The Doppler Effect

‘Golf is deceptively simple and endlessly complicated’

Arnold Palmer

Whether you’re aware of it or not, we have all heard the Doppler effect in action. You know when an ambulance speeds past you and the tone of the siren changes as it gets further away from you? That’s it, that’s the Doppler effect, what has that got to do with golf though?

Well have you heard of Trackman? Go to the range at a tour event these days and behind many of the world’s top players you will see a small orange and black box. This, golf fan, is Trackman, a Doppler radar system also known as a launch monitor. These small orange beauties, and other similar products (GC2 and Flightscope) are revolutionising golf and how it is taught. These, by the way, are military grade systems that were originally designed to monitor how missiles would fly after being fired!

Through the years I would say there have been two main types of golfer and they tend to be quite distinct. On one hand you have the golfing scientist (the type that would definitely love this particular brand of golf blog) such as a Tiger Woods-type. The other type is the artist, the kind of golfer who cares not for Leadbetter-type instruction and uses flair and imagination to tackle the course. The best example of this golfer is the late and great Mr. Seve Ballesteros. This new wave of technology would definitely suit the former, the scientist. These are guys that crave data. They want to know about spin rates and attack angles and how best to optimise these.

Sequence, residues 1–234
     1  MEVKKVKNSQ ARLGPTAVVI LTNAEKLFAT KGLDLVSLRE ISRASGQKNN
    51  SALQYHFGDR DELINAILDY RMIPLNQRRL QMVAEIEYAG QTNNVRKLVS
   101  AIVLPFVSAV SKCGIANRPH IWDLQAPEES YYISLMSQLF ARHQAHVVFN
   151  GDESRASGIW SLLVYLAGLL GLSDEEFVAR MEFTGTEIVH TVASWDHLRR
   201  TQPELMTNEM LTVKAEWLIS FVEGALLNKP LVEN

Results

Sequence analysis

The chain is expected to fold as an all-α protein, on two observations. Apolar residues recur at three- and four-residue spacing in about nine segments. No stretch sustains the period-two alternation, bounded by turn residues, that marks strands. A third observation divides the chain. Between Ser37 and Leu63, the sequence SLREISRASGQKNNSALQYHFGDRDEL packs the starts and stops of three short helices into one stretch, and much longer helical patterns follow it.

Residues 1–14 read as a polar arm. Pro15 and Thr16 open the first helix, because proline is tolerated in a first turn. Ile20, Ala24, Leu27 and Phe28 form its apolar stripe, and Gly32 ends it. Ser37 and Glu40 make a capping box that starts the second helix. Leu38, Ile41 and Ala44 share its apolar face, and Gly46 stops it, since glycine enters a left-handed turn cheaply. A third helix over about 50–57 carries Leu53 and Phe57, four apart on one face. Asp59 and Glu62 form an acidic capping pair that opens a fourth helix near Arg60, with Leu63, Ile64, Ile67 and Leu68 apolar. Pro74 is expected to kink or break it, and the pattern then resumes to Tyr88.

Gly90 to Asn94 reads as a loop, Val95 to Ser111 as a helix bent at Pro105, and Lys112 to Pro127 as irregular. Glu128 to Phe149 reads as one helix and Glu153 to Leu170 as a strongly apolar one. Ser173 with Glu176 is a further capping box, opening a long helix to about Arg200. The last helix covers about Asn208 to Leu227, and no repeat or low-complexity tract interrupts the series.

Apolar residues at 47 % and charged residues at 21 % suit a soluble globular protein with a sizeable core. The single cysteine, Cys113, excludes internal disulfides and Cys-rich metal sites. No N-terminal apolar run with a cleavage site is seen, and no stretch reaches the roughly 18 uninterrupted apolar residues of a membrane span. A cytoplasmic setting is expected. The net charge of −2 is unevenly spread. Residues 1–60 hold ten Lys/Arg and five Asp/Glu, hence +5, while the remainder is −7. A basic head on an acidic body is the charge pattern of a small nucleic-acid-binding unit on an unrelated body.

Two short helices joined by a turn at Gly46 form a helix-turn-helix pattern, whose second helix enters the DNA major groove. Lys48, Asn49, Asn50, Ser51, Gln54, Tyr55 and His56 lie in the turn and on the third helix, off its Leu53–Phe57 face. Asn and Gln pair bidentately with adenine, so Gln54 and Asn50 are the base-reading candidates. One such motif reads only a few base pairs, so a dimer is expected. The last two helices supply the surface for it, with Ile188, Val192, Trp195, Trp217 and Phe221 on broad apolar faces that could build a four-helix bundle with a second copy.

So how is this changing golf? Well, in my opinion, there has been a huge shift in the last decade to almost purely data-based instruction. There is also a sentiment that if a coach doesn’t have a launch monitor then he/she may not be the best. I need to argue that this is not true. Whilst the data that Trackman et al. can provide you with are important, if you cannot make the swing changes needed to improve your numbers then it’s pointless. How do you make these changes? You need a teacher that can get you to make the right move through impact and this is feel-based. My argument here is that, although data is important, feel is more important. In my humble opinion, of course.

This technology has given us many insights into how a golf ball reacts in those precious miliseconds after impact and what the club is doing to cause this. They are clearly fantastic bits of kit (as they should be, Trackman will set you back $25,000!) and there’s no coincidence that the best players in the world use them frequently. My point here is that these have to be used to augment your practice and game development. Golf requires that artistic touch and flare to be played at it’s best, let’s not completely forget that. Thanks for reading.


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